Tectonic History of the Palo Duro Basin Texas Panhandle

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Budnik, Roy T.

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The Palo Duro Basin is one of a dozen or more intracratonic basins formed as a result of large-scale plate motions in the Late Paleozoic (Goldstein, 1981; Kluth and Coney, 1981). The margins of the basin are defined by a series of uplifts that developed during the Pennsylvanian (fig. 1). The Palo Duro Basin is bounded on the northeast by the Amarillo-Wichita Uplift, on the northwest by the Bravo Dome, and on the west by the Sierra Grande and other smaller uplifts, all of which were important sources of sediment. To the south, the Matador Arch served as a sediment barrier and locus of carbonate buildups, as did a number of smaller, generally unnamed, uplifts to the east.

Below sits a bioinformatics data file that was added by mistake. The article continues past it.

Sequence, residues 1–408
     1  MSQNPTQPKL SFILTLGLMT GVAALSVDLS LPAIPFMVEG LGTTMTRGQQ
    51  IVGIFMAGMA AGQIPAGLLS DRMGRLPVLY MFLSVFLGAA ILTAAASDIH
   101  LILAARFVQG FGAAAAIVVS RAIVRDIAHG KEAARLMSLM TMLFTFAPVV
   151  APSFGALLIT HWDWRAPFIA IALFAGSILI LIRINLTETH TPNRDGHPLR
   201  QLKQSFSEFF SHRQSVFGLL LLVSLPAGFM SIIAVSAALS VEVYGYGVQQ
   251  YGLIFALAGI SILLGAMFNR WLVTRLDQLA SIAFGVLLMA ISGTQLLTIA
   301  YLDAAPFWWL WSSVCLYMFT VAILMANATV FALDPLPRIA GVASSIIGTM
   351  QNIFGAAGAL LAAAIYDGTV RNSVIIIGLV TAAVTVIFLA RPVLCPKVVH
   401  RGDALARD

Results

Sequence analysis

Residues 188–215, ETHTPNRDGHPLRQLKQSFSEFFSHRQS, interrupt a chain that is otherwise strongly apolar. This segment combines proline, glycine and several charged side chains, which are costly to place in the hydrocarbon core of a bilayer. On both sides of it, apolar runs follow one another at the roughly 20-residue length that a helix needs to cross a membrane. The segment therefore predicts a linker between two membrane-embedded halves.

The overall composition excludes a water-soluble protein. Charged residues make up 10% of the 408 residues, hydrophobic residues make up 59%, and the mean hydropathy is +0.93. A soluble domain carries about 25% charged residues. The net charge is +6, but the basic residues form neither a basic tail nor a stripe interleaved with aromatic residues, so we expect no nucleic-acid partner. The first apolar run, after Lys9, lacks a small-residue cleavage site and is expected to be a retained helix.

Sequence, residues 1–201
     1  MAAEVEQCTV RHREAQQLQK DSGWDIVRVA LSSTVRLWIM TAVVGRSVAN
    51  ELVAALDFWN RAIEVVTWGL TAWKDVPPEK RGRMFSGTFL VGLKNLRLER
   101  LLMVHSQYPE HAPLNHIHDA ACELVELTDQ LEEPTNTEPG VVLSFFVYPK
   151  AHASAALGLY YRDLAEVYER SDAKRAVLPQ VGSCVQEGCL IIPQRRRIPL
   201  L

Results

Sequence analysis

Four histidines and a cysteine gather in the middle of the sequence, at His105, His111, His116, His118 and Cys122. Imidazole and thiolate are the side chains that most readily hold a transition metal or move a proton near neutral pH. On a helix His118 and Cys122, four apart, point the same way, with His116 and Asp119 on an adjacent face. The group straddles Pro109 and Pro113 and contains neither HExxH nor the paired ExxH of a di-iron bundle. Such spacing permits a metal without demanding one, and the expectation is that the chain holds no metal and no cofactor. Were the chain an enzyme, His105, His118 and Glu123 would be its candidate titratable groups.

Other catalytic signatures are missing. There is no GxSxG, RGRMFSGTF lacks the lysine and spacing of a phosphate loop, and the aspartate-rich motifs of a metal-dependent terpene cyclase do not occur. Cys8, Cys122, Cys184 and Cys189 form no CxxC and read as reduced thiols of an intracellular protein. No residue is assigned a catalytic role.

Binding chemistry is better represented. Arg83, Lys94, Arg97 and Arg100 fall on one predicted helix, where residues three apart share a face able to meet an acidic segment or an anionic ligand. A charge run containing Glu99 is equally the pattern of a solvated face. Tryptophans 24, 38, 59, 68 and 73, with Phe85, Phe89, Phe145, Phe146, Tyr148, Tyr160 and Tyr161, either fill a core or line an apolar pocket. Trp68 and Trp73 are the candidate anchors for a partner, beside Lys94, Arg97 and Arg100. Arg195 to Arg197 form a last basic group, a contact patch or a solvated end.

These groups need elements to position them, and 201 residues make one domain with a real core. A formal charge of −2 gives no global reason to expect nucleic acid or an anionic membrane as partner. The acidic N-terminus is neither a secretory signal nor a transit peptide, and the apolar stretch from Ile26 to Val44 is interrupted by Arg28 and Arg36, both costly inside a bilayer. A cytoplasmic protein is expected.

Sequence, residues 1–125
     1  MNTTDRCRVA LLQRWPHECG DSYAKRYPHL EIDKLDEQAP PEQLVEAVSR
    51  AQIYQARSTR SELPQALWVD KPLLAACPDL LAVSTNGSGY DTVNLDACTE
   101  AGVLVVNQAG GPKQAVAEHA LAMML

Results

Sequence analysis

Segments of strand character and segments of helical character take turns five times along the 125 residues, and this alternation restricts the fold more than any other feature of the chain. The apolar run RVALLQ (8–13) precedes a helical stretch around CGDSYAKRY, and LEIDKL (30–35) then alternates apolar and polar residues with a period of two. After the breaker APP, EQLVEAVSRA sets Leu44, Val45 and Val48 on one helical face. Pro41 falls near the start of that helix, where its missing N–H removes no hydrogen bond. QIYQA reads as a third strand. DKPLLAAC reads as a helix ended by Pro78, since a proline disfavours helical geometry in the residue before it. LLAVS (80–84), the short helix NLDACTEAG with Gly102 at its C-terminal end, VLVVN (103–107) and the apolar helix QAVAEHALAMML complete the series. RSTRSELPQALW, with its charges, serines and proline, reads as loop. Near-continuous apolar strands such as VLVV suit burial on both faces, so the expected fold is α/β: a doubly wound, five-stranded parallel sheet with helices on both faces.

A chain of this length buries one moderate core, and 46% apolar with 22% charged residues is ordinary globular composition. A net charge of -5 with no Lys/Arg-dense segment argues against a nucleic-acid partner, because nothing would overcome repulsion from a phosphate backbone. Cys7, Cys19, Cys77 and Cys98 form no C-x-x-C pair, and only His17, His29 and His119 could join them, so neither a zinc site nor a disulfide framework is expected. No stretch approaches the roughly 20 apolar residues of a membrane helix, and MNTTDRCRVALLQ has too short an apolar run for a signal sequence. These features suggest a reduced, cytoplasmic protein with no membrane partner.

The Palo Duro Basin includes sediments deposited in two temporally separate but spatially overlapping basins (Budnik and Smith, 1982). The initial basin, a northwest extension of the Hardeman Basin (fig. 2), formed as a result of the foundering of a Mississippian shelf during the latest Mississippian or early Pennsylvanian (Budnik and Smith, 1982; Dutton and others, 1982). Up to 2,500 ft (750 m) of Pennsylvanian and a similar thickness of Wolfcampian (Lower Permian), primarily marine, sediments were deposited during this phase (Dutton and others, 1982). A second basin (effectively the northern shelf of the Midland Basin; fig. 3) formed in response to regional subsidence of the much larger Permian Basin. In excess of 4,000 ft (1,200 m) of restricted marine to non-marine sediments were deposited nearly continuously throughout the mid- and late Permian (Leonardian, Guadalupian, and Ochoan; Presley, 1980).


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